'Coming out' with a MH history

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lingua_franca
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Joined: Tue Sep 14, 2010 11:29 pm

Re: 'Coming out' with a MH history

Post by lingua_franca » Thu May 09, 2019 8:24 pm

Thank you for raising this, workingmama. It's a question that has been on my mind too. I have PTSD, which I wouldn't really mind disclosing to colleagues (perhaps because this is a diagnosis that carries limited stigma - people do tend to realise that traumatic events can happen in anyone's life, at least in my experience). However, I am much more hesitant about disclosing my Asperger's diagnosis, because I have had negative experiences where colleagues who had barely met me for five minutes (and I mean that quite literally) felt entitled/qualified to speculate about what I am and am not capable of doing. These were all people who would assure you that they appreciate the social model of disability/are big on formulation and don't stress labels that much, yet they didn't seem to appreciate the inconsistency in their position, and I felt too junior to point it out. I know autistic CPs who were open about their experiences before and whilst on training, and who had only positive things to say about self-disclosure, but I don't think I would be brave enough to follow suit...
"Suppose a tree fell down, Pooh, when we were underneath it?"
"Suppose it didn't," said Pooh, after careful thought.
Piglet was comforted by this.
- A.A. Milne.

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workingmama
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Re: 'Coming out' with a MH history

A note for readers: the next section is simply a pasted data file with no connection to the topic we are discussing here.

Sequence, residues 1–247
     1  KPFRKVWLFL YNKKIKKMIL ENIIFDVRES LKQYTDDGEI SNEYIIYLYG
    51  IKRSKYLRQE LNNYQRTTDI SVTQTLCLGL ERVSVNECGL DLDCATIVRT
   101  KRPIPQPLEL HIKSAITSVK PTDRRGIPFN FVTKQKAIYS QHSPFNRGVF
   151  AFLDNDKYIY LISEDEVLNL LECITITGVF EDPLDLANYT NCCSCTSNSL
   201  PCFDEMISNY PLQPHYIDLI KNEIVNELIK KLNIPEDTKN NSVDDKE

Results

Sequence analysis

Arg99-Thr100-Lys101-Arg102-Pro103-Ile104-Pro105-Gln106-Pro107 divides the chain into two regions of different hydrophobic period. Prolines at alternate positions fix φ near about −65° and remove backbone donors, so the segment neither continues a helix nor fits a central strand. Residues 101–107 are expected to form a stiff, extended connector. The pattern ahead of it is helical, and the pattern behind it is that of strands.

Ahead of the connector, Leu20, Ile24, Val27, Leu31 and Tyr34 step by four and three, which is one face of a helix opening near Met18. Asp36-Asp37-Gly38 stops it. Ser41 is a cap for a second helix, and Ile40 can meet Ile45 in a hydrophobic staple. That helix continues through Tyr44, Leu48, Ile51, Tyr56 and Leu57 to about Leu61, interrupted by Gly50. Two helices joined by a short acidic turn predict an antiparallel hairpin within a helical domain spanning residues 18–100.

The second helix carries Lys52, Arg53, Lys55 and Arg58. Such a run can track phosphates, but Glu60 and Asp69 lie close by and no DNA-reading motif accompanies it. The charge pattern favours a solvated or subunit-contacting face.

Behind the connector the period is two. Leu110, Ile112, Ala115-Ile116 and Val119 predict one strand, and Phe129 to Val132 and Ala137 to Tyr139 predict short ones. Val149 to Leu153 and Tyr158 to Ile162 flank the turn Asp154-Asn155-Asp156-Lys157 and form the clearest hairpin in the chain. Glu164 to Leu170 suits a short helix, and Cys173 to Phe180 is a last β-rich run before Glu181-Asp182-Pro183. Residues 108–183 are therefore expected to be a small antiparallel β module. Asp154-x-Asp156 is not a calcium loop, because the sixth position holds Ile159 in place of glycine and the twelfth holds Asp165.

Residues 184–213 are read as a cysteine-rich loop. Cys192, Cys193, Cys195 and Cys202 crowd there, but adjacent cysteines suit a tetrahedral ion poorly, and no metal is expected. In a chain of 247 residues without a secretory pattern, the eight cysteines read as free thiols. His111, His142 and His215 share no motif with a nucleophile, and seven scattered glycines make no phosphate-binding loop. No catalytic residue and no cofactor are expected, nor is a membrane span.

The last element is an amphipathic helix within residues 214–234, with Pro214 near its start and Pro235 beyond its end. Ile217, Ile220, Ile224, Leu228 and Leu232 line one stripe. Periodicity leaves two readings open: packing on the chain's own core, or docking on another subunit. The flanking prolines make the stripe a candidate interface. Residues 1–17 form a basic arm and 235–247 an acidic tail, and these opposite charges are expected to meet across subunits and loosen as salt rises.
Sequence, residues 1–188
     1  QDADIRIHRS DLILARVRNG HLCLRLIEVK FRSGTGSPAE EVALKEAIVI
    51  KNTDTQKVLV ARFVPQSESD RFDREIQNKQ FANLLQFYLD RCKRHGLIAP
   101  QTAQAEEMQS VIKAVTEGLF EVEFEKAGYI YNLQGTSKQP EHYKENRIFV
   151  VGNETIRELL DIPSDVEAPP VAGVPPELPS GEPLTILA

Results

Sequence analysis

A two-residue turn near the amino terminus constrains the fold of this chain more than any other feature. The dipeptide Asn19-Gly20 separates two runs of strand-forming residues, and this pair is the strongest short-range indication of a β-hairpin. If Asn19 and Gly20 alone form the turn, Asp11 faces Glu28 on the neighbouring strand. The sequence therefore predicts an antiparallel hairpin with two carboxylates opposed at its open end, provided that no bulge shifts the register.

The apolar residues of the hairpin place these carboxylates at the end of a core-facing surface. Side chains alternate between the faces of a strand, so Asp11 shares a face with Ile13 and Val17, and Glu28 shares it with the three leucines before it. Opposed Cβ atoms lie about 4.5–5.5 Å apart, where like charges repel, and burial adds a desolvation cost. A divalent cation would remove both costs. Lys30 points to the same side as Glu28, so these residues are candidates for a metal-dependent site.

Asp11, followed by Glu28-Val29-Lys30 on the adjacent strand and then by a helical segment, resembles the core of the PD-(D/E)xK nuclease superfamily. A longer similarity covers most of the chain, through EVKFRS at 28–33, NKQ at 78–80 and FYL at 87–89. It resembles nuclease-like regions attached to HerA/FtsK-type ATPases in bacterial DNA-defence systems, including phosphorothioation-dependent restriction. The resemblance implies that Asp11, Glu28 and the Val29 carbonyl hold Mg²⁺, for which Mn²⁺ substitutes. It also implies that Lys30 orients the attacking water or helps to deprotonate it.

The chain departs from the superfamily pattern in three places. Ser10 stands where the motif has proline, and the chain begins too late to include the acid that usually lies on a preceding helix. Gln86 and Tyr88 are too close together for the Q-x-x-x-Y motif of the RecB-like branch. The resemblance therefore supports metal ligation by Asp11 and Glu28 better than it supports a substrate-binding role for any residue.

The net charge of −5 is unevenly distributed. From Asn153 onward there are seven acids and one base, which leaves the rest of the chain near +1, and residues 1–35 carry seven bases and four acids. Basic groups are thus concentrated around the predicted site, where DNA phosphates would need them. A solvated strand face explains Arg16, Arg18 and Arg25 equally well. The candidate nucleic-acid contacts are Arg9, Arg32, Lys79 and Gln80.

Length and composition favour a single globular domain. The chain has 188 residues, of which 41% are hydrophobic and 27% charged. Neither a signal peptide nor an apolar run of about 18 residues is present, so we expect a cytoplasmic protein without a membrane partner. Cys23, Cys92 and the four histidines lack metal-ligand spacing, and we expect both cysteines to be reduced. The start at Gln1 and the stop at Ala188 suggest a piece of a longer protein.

Post by workingmama » Sat Jun 01, 2019 1:25 pm

As a wee update to this, some conversations I've had in real life over the last three months have confirmed for me how many people (clinicians) that I know are struggling/have struggled with (mostly) the more common mental health difficulties (anxiety/depression). Everyone I spoke to expressed concern about how others in our profession would view their clinical ability if this were to be known. Everyone shared fears that they would be thought of as 'lesser' for having difficulties.

I really am very sad, but very unsurprised, to hear this (well, actually the prevalence of this in the people I spoke to was higher than I had anticipated).

I am deeply committed to thinking about what can be done in my own workplace to support a healthier working culture in which the aspects of our lives that are rightly 'private' don't have to feel 'secret', and would welcome any PMs with advice about how we might achieve this.

In solidarity with all other forum users for whom this thread resonates :salut:
Fail, fail again, fail better.

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